December 21, 2012
When I shared my first blog post at a different address, I got two wonderful comments with more ideas on turning anger into action in the wake of the Sandy Hook tragedy. Heba, who blogs at My Life in a Pyramid and who is one of the first bloggers I've followed, wrote:
I agree that isolation is one of the root causes of many societal ailments, and finding a way to engage can go a long way in maintaining a sense of community, protecting our mental health, and alerting one another of danger. I like the action points you mentioned, and I would add to that also getting to know the parents of kids that are befriending your kids. I don't have kids yet, but I'd like to know more about the families that my kids would befriend because that says a lot about their kids and how they will behave. In any case, I think it's crucial to try to rely on God because otherwise one can drive himself/herself mad with worry that doesn't necessarily lead to more protection.I definitely plan to do the same as well: befriend my kid's friends and rely on God.
Fr. Bishoy, who blogs at I Am He, and who inspired me to start my own blog, wrote:
Listening to your family, I am sure if any child found ears to what s/he facing, we would bring people who know how to communicate even if they are sick mentally. How many of our children listen now to their friends as no space for listening inside their families.He is right. It's especially important to establish a listening relationship with our children, especially when they are young, and even when what they have to say seems small, unimportant, or even imaginary. All of it is important in their eyes. Listening to young children now establishes their trust in their parents, and means they are more likely to continue to share with their parents as they get older.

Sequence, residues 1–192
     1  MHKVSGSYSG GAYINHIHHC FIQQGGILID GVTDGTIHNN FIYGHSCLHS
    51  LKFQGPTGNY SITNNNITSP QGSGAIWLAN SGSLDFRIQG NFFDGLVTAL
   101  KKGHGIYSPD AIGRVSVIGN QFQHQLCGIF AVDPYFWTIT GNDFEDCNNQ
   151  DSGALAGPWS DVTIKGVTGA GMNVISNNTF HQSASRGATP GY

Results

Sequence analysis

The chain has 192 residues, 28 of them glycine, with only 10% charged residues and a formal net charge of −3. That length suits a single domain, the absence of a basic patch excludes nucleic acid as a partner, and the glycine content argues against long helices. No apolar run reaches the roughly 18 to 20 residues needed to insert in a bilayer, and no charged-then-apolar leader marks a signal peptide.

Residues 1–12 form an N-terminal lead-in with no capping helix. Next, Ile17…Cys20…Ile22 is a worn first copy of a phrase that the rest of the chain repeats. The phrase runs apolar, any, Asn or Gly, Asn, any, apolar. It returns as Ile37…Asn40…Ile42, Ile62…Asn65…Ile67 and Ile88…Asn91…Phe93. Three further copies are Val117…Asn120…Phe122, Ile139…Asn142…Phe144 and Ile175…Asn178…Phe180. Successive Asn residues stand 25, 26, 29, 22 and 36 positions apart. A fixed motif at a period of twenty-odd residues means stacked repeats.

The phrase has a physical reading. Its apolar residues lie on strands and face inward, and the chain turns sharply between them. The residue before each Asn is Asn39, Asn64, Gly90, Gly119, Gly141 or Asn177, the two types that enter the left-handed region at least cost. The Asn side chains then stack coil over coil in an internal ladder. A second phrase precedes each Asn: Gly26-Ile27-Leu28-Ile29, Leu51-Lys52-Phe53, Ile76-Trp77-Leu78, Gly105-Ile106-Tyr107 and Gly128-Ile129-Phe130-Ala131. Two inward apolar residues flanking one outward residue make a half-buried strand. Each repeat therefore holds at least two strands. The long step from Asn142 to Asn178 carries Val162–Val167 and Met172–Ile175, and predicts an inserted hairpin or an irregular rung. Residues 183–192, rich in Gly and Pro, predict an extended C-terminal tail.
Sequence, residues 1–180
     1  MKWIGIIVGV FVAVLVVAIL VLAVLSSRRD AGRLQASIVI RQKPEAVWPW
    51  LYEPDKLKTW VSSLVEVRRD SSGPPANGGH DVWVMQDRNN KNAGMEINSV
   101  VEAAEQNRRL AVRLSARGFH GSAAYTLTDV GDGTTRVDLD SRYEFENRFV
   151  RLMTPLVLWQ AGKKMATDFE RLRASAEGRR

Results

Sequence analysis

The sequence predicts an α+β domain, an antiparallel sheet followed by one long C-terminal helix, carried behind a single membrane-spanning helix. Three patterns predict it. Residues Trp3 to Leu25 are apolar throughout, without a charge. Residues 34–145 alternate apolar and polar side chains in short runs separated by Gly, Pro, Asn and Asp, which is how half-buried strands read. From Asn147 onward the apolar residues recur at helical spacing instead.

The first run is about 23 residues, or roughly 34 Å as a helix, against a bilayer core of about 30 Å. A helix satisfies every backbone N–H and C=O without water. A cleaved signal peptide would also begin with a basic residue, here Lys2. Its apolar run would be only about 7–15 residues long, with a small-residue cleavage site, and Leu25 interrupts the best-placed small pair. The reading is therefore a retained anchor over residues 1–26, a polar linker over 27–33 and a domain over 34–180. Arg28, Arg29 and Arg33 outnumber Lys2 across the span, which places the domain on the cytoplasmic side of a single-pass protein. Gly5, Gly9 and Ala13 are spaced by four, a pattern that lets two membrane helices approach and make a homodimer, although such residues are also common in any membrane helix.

If you are not a parent, being a listening ear for a child in your life is still very important. Jared Diamod writes about the important role of "allo-parents" in an excerpt from his book published in Newsweek this week, "Best Practices for Raising Kids? Look to Hunter Gatherers." "Allo-parents" are individuals who are not parents, but play some care-giving role in a child's life. Their role is more dominant in what he calls "small societies," but are still important in industrial societies where immediate parents are the most dominant care-givers:
I have heard many anecdotal stories, among my own friends, of children who were raised by difficult parents but who nevertheless became socially and cognitively competent adults, and who told me that what had saved their sanity was regular contact with a supportive adult other than their parents, even if that adult was just a piano teacher whom they saw once a week for a piano lesson.I see this all as a part of the process of ending isolation that I wrote about in my first post.
Listen, Learn, Act and Reflect by Phoebe Farag Mikhail is licensed under a Creative Commons Attribution-NonCommercial-NoDerivs 3.0 Unported License.